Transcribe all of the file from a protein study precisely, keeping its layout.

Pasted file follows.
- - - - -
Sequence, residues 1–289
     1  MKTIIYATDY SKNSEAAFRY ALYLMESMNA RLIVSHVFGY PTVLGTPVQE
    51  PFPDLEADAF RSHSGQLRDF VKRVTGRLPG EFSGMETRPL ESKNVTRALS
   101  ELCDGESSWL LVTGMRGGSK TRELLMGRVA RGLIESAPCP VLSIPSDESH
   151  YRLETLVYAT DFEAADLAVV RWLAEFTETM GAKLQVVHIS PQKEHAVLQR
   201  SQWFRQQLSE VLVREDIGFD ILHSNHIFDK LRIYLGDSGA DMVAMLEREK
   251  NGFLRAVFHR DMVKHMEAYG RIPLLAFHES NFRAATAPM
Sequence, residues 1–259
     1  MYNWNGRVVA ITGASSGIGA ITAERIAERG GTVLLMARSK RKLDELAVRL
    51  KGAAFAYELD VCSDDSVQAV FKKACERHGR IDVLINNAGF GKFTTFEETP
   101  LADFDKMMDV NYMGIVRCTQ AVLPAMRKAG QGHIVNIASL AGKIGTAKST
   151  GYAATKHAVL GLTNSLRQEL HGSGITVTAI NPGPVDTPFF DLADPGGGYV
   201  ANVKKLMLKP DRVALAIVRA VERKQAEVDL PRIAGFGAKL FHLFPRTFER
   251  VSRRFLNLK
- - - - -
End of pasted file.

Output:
Sequence, residues 1–289
     1  MKTIIYATDY SKNSEAAFRY ALYLMESMNA RLIVSHVFGY PTVLGTPVQE
    51  PFPDLEADAF RSHSGQLRDF VKRVTGRLPG EFSGMETRPL ESKNVTRALS
   101  ELCDGESSWL LVTGMRGGSK TRELLMGRVA RGLIESAPCP VLSIPSDESH
   151  YRLETLVYAT DFEAADLAVV RWLAEFTETM GAKLQVVHIS PQKEHAVLQR
   201  SQWFRQQLSE VLVREDIGFD ILHSNHIFDK LRIYLGDSGA DMVAMLEREK
   251  NGFLRAVFHR DMVKHMEAYG RIPLLAFHES NFRAATAPM
Sequence, residues 1–259
     1  MYNWNGRVVA ITGASSGIGA ITAERIAERG GTVLLMARSK RKLDELAVRL
    51  KGAAFAYELD VCSDDSVQAV FKKACERHGR IDVLINNAGF GKFTTFEETP
   101  LADFDKMMDV NYMGIVRCTQ AVLPAMRKAG QGHIVNIASL AGKIGTAKST
   151  GYAATKHAVL GLTNSLRQEL HGSGITVTAI NPGPVDTPFF DLADPGGGYV
   201  ANVKKLMLKP DRVALAIVRA VERKQAEVDL PRIAGFGAKL FHLFPRTFER
   251  VSRRFLNLK